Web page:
A salute fit for a King

As the basketball coach at Fort Hamilton High School in Brooklyn, N.Y., coach Ron Kern had tryouts each year. Some 37 years ago, a young, gangly youth of 13 years sat in the stands, eagerly waiting to show the coach what he could do on a basketball court.

``What's your name, son?'' Kern asked.

``Bernard King,'' he said.

``Let's go,'' Kern said.

That's how they met.

``I'd never heard of him,'' Kern said.

Soon, the basketball world would hear of Bernard King. He would not only become a New York high school legend, he would star at Tennessee, become a three-time All-American, a three-time SEC Player of the Year and an NBA star.

And Tuesday night, Tennessee honored King by retiring No. 53, the first Vol basketball player to have his jersey retired. King's number hung from the rafters along side that of King's college coach, Ray Mears, and John Ward, the Voice of the Vols.

Few nights in Thompson-Boling Arena history rival what took place. Not only was King honored, his teammates were introduced, as was Mears, who is confined to a wheelchair, and Ward.

``The Ernie and Bernie Show is back,'' King said to a thunderous ovation.

The crowd of more than 22,000 stood for his every word during an elongated halftime ceremony. They cheered King. They cheered Mears. They cheered Ernie Grunfeld and Mike Jackson and Johnny Darden and Rodney Woods and Bert Bertelkamp and Ward.

They had enough energy in the second half to cheer the Vols to an 89-85 victory over No. 20 Kentucky – the team King most liked to beat. King beat the Wildcats a record five times in a row in the mid-1970s. With King in the house, UT has won six in a row over the Big Blue.

Grunfeld said he thought UT fans had long forgotten the Ernie and Bernie Days. He was wrong. How he was wrong.

Those days were alive again Tuesday night, even though it had been some 30 years since King and Grunfeld last played for the Vols.

King hadn't been around lately. It's believed he hadn't been back to Knoxville since playing in an NBA exhibition game in the 1980s. He said he hadn't come back because he wasn't asked. That's only partially true.

Mike Hamilton, UT athletic director, said multiple efforts had been made in recent years to contact King – to no avail.

But when Tennessee finally got to King, he agreed to come back.

``It was a very special time when I played for this man, Ray Mears,'' King said in saluting the greatest coach in UT men's basketball history.

Highlights of King's career were shown on a video screen as King stood near midcourt, quite a bit heavier than the guy who dazzled the SEC. He bore a striking resemblance to sportscaster James Brown.

``It's been too long – 30 years,'' the articulate King told fans. ``And go Vols, go Vols, go Vols, go Vols.''

If the fans could have stormed the court, they would have. King had whipped them into a frenzy, just as he did during his playing days at Stokely Athletic Center.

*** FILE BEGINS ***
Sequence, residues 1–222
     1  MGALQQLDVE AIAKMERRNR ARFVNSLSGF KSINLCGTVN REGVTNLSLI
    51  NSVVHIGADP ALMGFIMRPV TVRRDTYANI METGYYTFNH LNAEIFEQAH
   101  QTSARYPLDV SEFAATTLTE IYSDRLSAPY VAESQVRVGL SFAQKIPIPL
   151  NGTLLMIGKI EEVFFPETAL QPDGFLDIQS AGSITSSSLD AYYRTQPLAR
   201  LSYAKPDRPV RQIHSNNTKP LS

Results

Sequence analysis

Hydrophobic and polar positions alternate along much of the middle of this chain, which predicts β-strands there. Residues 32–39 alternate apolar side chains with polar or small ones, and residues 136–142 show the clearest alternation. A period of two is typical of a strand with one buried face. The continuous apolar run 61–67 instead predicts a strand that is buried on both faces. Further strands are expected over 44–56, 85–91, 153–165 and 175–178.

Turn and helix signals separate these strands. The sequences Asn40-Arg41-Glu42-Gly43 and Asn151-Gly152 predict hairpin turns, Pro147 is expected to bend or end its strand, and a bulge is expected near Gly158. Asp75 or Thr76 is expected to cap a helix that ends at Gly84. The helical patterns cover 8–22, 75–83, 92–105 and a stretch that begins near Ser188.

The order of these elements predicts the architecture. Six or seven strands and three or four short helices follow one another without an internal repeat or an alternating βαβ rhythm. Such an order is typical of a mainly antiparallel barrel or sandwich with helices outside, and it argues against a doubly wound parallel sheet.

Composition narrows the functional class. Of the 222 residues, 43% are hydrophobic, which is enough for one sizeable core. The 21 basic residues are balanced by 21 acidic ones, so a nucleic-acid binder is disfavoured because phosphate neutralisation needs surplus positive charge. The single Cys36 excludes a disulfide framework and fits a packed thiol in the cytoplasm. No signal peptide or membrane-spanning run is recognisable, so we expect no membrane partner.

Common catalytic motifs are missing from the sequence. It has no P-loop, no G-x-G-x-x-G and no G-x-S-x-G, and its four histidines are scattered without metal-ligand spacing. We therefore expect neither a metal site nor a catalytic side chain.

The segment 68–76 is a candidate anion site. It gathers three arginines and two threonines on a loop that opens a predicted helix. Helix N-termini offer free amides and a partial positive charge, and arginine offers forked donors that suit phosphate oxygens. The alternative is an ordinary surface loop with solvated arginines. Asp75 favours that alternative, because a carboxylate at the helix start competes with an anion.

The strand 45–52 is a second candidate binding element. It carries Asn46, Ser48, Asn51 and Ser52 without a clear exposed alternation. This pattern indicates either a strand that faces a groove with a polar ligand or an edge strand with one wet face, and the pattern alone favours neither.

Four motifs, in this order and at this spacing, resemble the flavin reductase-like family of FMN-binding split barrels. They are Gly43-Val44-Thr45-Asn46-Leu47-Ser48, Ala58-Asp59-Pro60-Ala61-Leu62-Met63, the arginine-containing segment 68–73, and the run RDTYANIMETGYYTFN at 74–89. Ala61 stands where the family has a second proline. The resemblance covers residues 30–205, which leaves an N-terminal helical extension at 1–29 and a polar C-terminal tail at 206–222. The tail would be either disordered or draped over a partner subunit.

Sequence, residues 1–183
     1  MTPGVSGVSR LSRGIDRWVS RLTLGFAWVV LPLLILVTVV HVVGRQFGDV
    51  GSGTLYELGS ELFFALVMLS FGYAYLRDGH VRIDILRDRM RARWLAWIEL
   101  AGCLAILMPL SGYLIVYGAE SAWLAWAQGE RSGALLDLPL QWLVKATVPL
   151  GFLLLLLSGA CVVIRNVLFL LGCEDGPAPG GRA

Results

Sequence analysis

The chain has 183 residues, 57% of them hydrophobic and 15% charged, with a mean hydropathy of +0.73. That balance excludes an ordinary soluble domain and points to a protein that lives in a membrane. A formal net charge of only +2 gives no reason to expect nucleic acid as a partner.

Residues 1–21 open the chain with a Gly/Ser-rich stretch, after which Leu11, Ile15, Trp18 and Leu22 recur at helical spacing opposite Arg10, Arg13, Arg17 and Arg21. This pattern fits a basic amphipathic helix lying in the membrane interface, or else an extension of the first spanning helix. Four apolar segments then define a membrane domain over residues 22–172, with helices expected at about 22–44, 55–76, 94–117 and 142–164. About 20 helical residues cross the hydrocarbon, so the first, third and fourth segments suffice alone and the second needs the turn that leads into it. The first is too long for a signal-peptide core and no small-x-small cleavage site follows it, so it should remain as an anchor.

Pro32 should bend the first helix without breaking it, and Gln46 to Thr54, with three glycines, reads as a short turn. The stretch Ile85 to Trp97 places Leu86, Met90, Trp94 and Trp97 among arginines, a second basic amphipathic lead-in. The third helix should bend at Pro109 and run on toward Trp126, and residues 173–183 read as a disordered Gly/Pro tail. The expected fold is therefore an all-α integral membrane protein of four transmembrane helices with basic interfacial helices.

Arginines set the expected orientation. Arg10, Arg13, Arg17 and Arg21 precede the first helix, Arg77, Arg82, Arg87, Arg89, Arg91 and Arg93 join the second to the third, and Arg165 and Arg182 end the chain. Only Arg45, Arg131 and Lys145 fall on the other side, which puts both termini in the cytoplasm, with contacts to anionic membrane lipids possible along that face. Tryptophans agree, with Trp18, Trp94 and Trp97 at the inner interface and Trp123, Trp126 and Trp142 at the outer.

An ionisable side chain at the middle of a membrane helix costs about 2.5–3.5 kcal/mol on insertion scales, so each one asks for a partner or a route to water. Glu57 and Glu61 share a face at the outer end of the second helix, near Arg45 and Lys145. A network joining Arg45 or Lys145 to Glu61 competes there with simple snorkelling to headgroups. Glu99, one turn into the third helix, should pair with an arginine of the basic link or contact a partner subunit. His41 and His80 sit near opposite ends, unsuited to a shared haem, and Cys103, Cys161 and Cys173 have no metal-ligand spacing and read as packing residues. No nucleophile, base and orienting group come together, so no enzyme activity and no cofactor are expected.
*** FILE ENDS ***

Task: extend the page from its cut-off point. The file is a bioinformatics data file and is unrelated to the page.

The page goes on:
King sat behind the UT bench during the game with Grunfeld, the two forever linked as former Vols who matriculated to Knoxville from New York.

Also behind the bench was King's old high school coach – and he couldn't believe his eyes. He couldn't believe what he saw out of King as a college and pro player. King scored 42 points in his Tennessee debut and took the SEC by storm.

``I was star struck,'' Kern said. ``I had no idea he was that good. It's funny. I was his coach for so many years, but I really didn't know he'd ever be as great as he turned out to be.''

Kern coached King for four years. He remembers King being physical as a 13-year-old freshman but not polished. Early in his sophomore year, King became a starter. By the time he was a senior, he was one of the most coveted players in the nation.

``Bernard did nothing wrong as a player,'' Kern said. ``He was like Einstein in a classroom, I'm telling you. …He was absolutely superb.''

Kern played King in the low post ``because I thought it would be a good spot for him. And he earned a living in the low post.''

He earned that living as a quick, 6-foot-7 jumping jack going up against taller opponents in the SEC and the NBA.

: ``It was the way he shot the ball,'' Kern said. ``He shot it on the way up. Most players go up, stop and shoot. But he let it go going up and it was undefensable.''

King averaged a stunning 26.4 points and 12.3 rebounds as a freshman at Tennessee. His career marks: 25.8 points, 13.2 rebounds, 59 percent from the field.

In the NBA, he scored almost 20,000 points despite missing some three years of his prime because of knee injuries. He led the NBA in scoring one season at 32.9 points.

``Whoever thought that anybody could play as well as he did in the NBA,'' Kern said with a laugh. ``As much as I knew him, I was always surprised by his greatness.''

And Tuesday night, that greatness was honored.

FREE THROWS: Grunfeld told Hamilton he was impressed by the crowd enthusiasm at the UT-Kentucky game. … The crowd of 22,320 could have been larger except only 2,600 of the 5,000 student-ticket allotment were used. Don't be surprised if the student allotment is reduced by about 2,000 next year when capacity at TBA is cut from 24,535 to about 21,000 because of luxury boxes. … Kentucky hit 17 of 21 shots during one second-half stretch to rally from 16 points down to tie the score with 3:54 left. … UT centers Wayne Chism and Duke Crews combined for 34 points and six rebounds against Kentucky's talented Randolph Morris, who had 14 points and 12 rebounds. … UT had an assist on 25 of 33 baskets.


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